He continued, “There’s also a lot of science behind this now, and there’s no opportunity to get your app seen unless you market your app intelligently. Now you have these awesome analytic frameworks that allow you to capture data and target your user very precisely. You’d be remiss in not spending money on marketing when you know that you have the analytics support to know how your game can be profitable.

From there, Seufert talked about how smaller developers can take advantage of the App Store. “I think it’s more of a mentality,” he said. “I hear people say, ‘I don’t have a marketing budget,’ but that to me is insane because developing a premium app requires gathering data before you actually launch it. I think it’s wrong-headed to think about UA money as ‘marketing budget’ – especially for a soft launch. That’s what’s needed to develop your app. It’s got to be a basic step in your development budget forecast. But then I think people say, ‘Well, I don’t know how much to spend’ or ‘I’ll just put the app out.’

“App stores are not designed to spread people’s attention equally around every single app that’s submitted. They’re designed to be winner-takes-all,” he continued. “So when apps from small or new developers rely on all organic or non-advertising driven downloads, (they’re ignoring) the fundamental structure of app stores.”

And apparently, companies don’t need mega-bucks to put together an advertising budget – just something modest. “I think you can do it on $5,000 to $10,000 – it doesn’t have to be $100,000,” said Seufert. “You can gather a decent amount of data for $5,000, especially if you have a sense of the core demographic that you should be targeting. And when you think about the overall development budget of the game, to not gather critical feedback about how the players use your app is silly. This isn’t just for the sake of trying to figure out what the LTV is, this is for seeing how the first-time user experience looks and for seeing where the choke points are.”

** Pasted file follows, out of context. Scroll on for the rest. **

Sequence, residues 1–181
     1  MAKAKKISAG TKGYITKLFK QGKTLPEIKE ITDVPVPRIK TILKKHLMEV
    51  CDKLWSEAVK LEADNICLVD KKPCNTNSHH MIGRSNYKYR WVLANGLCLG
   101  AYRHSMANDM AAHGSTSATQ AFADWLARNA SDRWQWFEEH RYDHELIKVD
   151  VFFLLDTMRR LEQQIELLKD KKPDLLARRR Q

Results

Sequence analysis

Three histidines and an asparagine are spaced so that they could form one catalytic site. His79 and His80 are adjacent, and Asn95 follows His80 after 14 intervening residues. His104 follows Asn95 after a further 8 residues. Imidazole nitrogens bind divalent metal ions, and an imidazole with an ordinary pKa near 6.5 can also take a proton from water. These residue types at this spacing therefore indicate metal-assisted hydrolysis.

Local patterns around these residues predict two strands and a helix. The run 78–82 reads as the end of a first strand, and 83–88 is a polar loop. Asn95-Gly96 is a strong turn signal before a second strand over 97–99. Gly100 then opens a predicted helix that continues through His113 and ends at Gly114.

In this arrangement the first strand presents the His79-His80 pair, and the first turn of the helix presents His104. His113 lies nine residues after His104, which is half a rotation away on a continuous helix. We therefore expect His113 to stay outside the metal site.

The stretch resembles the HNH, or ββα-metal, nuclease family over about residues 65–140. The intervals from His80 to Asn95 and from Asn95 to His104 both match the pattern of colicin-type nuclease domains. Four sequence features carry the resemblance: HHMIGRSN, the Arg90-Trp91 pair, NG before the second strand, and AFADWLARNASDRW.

Finally, Seufert touched on the future of mobile gaming. “Well, for one, mobile games are definitely getting more beautiful. All the people that worked on the huge AAA games for console are now being exposed to mobile games, so we’re just seeing really, really cool games come out on mobile that rival the graphical fidelity of console games.

“In general, mobile games are getting a lot more connected and definitely more social. It’s exciting to see this social phenomenon that people experience on console when they play multiplayer Xbox or have friends over to play video games happening on mobile. As people become more social in their mobile game play, developers will make more engaging experiences — allowing them to earn more money and build even bigger games.”

The full interview can be found here.

‘Guitar Hero Live’ Introduces ‘Guitar Hero TV’

One of this past week’s highlights at the Electronic Entertainment Expo was Activision’s Guitar Hero Live, the latest entry in the music/rhythm series. Attendees and journalists alike got their opportunity to go hands-on with the new guitar being designed for the game, as well as the many songs that will be included with it, including Red Hot Chili Peppers’ “Higher Ground” and Kongos’ “Come With Me Now,” among dozens of others.